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Monday, November 28, 2022

The exceptional birth of a Sumatran rhinoceros raises hopes to save the species

She is small, hairy and spends a lot of time sleeping. A female Sumatran rhinoceros has just been born in Way Kambas National Park, Indonesia. His mother, Rosa, gave birth as part of a breeding program to save the species, which is in serious danger of extinction. In more ways than one, this birth is a true miracle.

Rosa gave birth to this female on March 24, 2022, after 476 days of pregnancy. And the least we can say is that it was to be expected. The young mother was caught in the wild in 2005 to participate in a breeding program. But since then she has experienced eight natural pregnancy terminations, reports West France

The birth of her calf at Way Kambas National Park in southern Indonesia was welcomed as another sign of hope for the endangered species. “This birth is great news in the context of efforts by the government and its partners to increase the population of this species,” This is reported by the Indonesian Ministry of the Environment in a statement. The institution shared images of the newborn on its Twitter account, which you can check out below:

A species that is “critically” threatened with extinction

Thanks to the arrival of this baby, the Way Kambas sanctuary now has eight Sumatran rhinoceroses. Andatu, the father of this little female, was also born in this reserve, thus welcoming the first birth of Sumatran rhinoceroses in a reserve in 120 years, recalls West France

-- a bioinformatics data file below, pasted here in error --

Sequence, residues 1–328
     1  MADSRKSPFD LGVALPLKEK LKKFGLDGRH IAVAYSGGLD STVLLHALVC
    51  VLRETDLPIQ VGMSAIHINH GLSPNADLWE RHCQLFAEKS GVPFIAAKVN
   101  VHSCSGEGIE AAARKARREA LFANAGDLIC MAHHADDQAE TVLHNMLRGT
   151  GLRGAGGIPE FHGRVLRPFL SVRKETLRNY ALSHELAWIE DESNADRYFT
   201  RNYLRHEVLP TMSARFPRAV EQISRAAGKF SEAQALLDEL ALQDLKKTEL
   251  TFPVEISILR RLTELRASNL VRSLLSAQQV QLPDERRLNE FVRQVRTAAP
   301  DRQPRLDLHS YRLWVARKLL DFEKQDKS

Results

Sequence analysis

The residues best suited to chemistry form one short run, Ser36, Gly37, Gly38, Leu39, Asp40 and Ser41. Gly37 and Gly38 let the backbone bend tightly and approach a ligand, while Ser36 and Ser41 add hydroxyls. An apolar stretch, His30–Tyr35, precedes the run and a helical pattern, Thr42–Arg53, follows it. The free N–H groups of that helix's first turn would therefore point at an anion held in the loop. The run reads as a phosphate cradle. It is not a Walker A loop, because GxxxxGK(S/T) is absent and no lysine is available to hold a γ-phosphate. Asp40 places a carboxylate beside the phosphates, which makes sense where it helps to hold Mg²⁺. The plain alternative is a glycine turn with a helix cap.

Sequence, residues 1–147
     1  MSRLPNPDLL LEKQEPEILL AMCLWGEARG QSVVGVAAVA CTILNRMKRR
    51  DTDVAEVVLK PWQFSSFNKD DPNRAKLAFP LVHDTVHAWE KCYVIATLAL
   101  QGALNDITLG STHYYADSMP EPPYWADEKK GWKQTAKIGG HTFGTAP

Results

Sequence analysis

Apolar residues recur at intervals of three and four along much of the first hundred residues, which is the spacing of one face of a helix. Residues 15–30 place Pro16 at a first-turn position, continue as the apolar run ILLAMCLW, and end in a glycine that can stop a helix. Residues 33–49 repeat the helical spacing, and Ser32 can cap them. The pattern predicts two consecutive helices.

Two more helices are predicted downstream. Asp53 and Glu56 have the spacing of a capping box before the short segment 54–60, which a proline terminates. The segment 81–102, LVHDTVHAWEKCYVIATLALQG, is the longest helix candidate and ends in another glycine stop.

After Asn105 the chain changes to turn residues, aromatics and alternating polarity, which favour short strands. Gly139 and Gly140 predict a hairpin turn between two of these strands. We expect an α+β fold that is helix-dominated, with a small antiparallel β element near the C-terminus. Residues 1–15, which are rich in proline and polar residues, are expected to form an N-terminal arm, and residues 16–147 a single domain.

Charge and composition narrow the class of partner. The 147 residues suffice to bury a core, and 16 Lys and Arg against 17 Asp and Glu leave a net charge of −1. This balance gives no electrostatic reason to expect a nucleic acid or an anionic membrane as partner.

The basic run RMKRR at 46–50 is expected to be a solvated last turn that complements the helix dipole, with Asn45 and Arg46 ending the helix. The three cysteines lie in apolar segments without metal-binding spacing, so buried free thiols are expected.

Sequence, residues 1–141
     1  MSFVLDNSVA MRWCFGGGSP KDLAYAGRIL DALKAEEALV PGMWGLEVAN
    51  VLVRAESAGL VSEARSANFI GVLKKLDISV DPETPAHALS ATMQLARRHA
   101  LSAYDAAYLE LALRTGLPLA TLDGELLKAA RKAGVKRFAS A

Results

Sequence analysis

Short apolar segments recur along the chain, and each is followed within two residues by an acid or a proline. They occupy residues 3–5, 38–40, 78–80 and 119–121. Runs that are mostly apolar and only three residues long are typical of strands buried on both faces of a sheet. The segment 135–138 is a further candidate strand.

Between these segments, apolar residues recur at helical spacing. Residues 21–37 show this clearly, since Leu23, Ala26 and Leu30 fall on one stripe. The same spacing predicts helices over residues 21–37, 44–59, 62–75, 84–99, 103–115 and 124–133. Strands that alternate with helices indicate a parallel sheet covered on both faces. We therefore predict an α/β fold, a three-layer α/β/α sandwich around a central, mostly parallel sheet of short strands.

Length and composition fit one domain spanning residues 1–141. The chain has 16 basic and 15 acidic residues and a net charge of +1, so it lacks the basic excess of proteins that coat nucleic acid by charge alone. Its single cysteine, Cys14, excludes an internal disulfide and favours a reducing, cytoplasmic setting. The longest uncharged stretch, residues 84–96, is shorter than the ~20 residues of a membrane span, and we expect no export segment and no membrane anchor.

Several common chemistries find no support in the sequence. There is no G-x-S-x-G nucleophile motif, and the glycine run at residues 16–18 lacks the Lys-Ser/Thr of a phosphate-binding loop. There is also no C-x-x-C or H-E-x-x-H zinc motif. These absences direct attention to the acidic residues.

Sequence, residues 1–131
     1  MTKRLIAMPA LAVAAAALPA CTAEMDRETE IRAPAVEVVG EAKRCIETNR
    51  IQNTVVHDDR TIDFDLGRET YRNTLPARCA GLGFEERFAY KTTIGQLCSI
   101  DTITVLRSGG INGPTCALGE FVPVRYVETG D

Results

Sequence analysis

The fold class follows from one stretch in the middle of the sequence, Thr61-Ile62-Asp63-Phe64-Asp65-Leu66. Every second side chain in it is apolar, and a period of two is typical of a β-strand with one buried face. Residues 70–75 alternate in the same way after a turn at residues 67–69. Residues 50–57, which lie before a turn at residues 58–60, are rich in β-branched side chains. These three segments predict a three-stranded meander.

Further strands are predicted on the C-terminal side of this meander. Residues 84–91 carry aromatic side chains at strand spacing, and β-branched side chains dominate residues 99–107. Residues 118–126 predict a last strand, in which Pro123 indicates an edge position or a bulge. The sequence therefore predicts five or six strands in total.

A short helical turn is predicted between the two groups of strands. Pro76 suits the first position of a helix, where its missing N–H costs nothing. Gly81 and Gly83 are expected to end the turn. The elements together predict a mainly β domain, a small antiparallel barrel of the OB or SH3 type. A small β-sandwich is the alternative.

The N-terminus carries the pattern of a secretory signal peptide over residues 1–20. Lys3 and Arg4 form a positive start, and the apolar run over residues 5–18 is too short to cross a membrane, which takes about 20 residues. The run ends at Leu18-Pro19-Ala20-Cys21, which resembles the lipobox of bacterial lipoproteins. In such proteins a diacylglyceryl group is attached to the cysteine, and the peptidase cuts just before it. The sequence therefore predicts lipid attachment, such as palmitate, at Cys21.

And if these animals are captured today to reproduce in this environment, it’s because they are among the most endangered on Earth. According to the World Wildlife Fund (WWF), there are fewer than 80 Sumatran rhinoceroses in the world. This species, the smallest species of rhinoceros, is classified “critically endangered” extinction by the International Union for Conservation of Nature (IUCN). Their numbers have continued to decline, mainly due to the destruction of their habitat by human activities, as well as hunting, as part of the illegal trade in their horns.

The arrival of this female is really good news for the survival of the species. As a reminder, Indonesia is also fighting to save another endangered species, the Javan rhinoceros.

john willhttps://receivinghelpdesk.com
John is a Gamer And A Writer By Heart. He Writes News Articles On Receivinghelpdesk And Also Specializes In Writing Tech and entertainment-related topics. He Loves Watching Movies And Shows. Definitely A Complete Extrovert.

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